Stop Before You Stretch: Why it isn’t Always the Solution for Tight Muscles  

 In Recovery & Mobility

How often does a tight muscle bother you? Once a day? Twice a day? More?

And how often is your very next thought, I guess I just need to stretch more?

And you’re right. You do need to stretch more.

But, what if I told you that stretching doesn’t fix everything…


I know, I know. This makes no sense. 2 + 2 = Fish, up is down, and left is Oklahoma. But just appease me for a second and pretend that you don’t need to stretch every time you feel the sensation of muscle tightness.


Before you stretch:

  1. Identify:  Tight muscles happen for a variety of reasons. The best thing you can do is stop and think. If it’s a chronic issue, there is most likely an underlying problem with your postural alignment. We all have muscular deficiencies and one we start to load our skeletal system with squats, deadlifts, and presses, we exasperate these dysfunctions. A 30 second hold doesn’t “lengthen” your muscle or address why you are experiencing chronic discomfort in the first place. 
  2. Develop a plan of attack. So now you’ve identified there is a problem that needs more than a stretch. Don’t oversimplify your dysfunction and hope time heals all wounds (it doesn’t). What you need is a combination of flexibility, mobility, targeted strength training, and a dynamic integration of movement.  If this isn’t an area of expertise, I recommend consulting an expert. There are no quick fixes for flexibility problems. 
  3. Execute the plan: Once you and your coach have developed a plan that addresses the issues with your postural alignment, you need to stick to it. This sounds obvious, but I wouldn’t say it if I didn’t think I had to. Often during execution stages, people begin to feel good after a few weeks. I call this the “band-aid phase” when everything starts to feel right and nothing can go wrong. You decide to go back to your normal routine at the gym doing all the shit you were doing before. Problem is, your “tightness” now returns and you feel just as bad as you did when you started, if not worse.    


I can’t address all the misconceptions about stretching in one article but the first step is to dispel the myth that stretching is a cure-all for sensations of tightness.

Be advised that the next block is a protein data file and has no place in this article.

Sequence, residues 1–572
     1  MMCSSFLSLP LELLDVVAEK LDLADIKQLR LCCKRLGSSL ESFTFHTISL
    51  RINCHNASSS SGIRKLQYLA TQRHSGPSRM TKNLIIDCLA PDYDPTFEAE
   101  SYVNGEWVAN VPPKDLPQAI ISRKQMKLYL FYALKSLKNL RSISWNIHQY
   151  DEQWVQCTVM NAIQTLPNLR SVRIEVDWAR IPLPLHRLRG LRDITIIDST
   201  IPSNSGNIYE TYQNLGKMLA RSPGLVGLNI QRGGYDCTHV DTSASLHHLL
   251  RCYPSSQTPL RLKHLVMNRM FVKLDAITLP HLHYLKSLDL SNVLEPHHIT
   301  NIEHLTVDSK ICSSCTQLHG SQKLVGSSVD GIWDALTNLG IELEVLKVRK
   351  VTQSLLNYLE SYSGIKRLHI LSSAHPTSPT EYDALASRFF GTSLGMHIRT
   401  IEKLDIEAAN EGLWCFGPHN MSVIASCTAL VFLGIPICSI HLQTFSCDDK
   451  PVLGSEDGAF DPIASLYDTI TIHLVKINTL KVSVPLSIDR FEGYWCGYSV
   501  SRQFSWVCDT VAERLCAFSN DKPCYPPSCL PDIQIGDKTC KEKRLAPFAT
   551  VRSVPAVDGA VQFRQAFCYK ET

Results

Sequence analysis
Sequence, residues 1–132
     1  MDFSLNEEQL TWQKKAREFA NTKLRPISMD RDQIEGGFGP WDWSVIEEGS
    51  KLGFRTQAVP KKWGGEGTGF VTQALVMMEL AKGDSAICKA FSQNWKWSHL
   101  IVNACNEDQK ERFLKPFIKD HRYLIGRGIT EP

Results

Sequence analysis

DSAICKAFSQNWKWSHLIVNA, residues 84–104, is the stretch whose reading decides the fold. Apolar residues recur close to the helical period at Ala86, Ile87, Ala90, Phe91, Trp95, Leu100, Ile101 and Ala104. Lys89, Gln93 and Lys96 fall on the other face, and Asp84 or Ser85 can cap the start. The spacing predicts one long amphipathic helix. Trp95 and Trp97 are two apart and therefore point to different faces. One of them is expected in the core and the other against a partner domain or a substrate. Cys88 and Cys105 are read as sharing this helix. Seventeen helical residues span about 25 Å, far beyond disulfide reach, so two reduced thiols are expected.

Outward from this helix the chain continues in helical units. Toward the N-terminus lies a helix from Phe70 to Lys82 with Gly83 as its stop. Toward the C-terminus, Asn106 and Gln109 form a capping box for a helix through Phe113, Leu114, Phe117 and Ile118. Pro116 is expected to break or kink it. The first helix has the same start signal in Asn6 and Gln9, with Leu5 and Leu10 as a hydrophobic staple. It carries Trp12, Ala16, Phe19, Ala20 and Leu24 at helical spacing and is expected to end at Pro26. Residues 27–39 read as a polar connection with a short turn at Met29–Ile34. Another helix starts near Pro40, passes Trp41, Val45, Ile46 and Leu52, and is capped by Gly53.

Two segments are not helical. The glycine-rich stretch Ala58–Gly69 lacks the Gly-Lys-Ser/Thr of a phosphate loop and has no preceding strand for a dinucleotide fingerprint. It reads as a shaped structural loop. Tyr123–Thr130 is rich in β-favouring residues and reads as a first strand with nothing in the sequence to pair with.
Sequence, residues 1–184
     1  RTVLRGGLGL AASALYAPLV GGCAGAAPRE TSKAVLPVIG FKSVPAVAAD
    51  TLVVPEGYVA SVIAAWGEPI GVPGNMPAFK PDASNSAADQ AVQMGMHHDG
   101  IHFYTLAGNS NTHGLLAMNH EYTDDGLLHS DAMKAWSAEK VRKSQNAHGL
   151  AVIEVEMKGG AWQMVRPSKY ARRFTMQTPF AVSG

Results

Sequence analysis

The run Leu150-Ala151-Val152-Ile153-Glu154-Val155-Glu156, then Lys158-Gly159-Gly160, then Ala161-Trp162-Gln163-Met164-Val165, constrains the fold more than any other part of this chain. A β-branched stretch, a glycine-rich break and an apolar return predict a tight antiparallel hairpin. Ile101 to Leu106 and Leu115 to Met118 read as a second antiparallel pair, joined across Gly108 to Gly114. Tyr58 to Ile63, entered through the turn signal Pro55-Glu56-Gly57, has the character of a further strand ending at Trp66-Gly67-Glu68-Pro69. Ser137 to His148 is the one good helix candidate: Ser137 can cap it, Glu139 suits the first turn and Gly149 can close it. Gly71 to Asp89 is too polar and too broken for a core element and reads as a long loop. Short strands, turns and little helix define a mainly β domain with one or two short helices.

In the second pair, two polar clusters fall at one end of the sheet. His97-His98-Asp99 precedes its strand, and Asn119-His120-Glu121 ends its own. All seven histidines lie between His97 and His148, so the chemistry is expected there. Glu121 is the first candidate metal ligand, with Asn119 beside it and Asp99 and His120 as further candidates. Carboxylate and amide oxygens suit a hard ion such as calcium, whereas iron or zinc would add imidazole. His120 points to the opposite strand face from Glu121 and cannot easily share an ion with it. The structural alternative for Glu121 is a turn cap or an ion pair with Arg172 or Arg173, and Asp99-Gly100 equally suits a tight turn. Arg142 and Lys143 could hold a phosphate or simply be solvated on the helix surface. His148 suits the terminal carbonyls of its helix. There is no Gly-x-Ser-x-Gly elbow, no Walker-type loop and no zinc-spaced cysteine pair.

So why isn’t stretching a cure-all?

For one, there can be a significant difference between one’s flexibility and mobility. While these concepts are similar, flexibility is the range of motion available for a specific movement or joint and mobility is your body’s usable range of motion.

In other words, just because you can stretch a joint in a certain manner, doesn’t mean it is a healthy functional movement for your body.  

Next, there is a difference between active and passive range of motion. Active motion is under your control, passive is with the assistance of outside force.  

A sound flexibility and mobility plan will utilize both to develop range of motion incrementally. Otherwise, you run the risk of worsening your injury or alignment with untrained movements.

Aimlessly stretching and mobilizing tissue that may or may not require it is stupid and negligent.  

Do your research and educate yourself before jumping into some nonsense you overheard at your local globo-gym. Saying you should just “stretch it out” is not only an oversimplification but it’s straight up nonsensical. Ask for help, develop a plan, and execute the plan. At the end of the day, it is YOUR body. If you injure yourself as a result of ignorance you are the only one who has to deal with the repercussions.

Stretching is important, but best as part of a plan that addresses your deficiencies, not as a holistic solution.     

If you’d like to learn more about this, physiologist Dean Somerset wrote an informative guest post on Eric Cressey’s strength and conditioning blog. They are both intelligent trainers whose work I highly recommend.


Need help developing your flexibility and mobility? Work with one of our knowledgeable trainers to develop a plan that is right for your body.       

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